A member of my Altium community has reported that they use a cheap laser cutter lens as a focusing element on their camera, and it works well. So, I thought I would try this technique using my relatively low-cost camera. I already had a laser cutter and some spare lenses, so it was a very simple test to undertake. My camera isn’t quite as easy to mate with an extra lens compared to theirs. However, using a bit of masking tape quickly allowed me to try out the idea, and it worked wonders, giving me a temporary mount until I can figure out something more permanent.

Laser cutter lenses are available in a range of diameters and focal lengths. The correct lens diameter is relatively simple; it just needs to be the same width as the camera lens. The focal length comes from how far the lens needs to be from the object to achieve focus. I’m using a 2” focal length lens for all the pictures in this article, but a 3” or 4” lens would give you a better overview of the entire board. 1.5” lenses are also common and would allow you to look very closely at a particular section of your board if you need to look at the heat generated by individual small passive components. This will be perfect if you are working with 0402 or smaller components.

Things to Watch Out For

While thermal cameras are absolutely fantastic diagnostic tools, they can only be used to look at an emissive material rather than one that is reflective to long-wave infrared.

Most metals, glass, and very high gloss materials can reflect infrared light. To get the most accurate readings from your thermal camera, you will need to spray-paint your entire board matt black as this will give the whole board a consistent emissivity. Solder joints, aluminum capacitors, metal leads, and metal connector shielding will all reflect infrared light at almost perfect levels. This means you will only get a temperature reading for the heat bouncing off the object. If I only need to do a quick reading for debugging purposes, I will cover the most prominent metal objects on my board with masking tape. The masking tape will still get hot and emit infrared energy for the thermal camera to pick up, and it is easily removed afterward. You could also vacuum bag your board using a flexible bagging film such as Stretchlon or use a peelable solder mask on the board, depending on your specific requirements.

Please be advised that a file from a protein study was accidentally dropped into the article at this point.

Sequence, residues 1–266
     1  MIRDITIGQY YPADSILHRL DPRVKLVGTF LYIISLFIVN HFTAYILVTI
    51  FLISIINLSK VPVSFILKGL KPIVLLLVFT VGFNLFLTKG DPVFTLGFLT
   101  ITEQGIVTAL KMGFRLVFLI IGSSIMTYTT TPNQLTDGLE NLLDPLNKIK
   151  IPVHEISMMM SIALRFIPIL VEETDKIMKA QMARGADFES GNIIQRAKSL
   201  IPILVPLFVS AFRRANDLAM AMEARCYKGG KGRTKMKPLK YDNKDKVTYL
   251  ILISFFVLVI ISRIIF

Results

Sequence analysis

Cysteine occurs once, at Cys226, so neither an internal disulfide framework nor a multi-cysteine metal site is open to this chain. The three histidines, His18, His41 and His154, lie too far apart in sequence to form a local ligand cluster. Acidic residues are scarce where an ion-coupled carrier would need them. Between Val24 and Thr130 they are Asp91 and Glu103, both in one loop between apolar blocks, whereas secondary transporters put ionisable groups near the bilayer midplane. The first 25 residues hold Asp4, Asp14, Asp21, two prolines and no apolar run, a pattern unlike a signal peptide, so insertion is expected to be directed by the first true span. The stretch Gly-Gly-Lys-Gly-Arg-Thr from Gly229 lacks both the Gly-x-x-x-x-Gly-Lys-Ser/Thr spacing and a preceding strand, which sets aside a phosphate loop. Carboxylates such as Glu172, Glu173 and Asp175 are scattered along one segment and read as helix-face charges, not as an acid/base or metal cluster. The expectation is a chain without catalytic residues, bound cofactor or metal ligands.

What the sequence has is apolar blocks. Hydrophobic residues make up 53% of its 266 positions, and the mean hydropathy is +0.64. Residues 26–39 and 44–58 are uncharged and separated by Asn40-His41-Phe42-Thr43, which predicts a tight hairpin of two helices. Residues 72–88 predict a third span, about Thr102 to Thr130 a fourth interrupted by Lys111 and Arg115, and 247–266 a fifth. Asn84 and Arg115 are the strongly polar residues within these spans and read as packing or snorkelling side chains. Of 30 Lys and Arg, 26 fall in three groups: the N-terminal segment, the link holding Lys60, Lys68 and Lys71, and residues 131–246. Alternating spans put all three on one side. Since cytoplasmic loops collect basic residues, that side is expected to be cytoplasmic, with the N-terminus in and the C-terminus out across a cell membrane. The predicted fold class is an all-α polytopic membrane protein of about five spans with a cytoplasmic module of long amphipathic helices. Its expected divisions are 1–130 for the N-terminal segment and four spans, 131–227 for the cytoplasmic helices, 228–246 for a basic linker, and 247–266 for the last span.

Would you like to find out more about how Altium Designer® can help you with your next PCB design? Talk to an expert at Altium.

About Author

About Author

Mark Harris is an engineer's engineer, with over 16 years of diverse experience within the electronics industry, varying from aerospace and defense contracts to small product startups, hobbies and everything in between. Before moving to the United Kingdom, Mark was employed by one of the largest research organizations in Canada; every day brought a different project or challenge involving electronics, mechanics, and software. He also publishes the most extensive open source database library of components for Altium Designer called the Celestial Database Library. Mark has an affinity for open-source hardware and software and the innovative problem-solving required for the day-to-day challenges such projects offer. Electronics are passion; watching a product go from an idea to reality and start interacting with the world is a never-ending source of enjoyment. 

You can contact Mark directly at: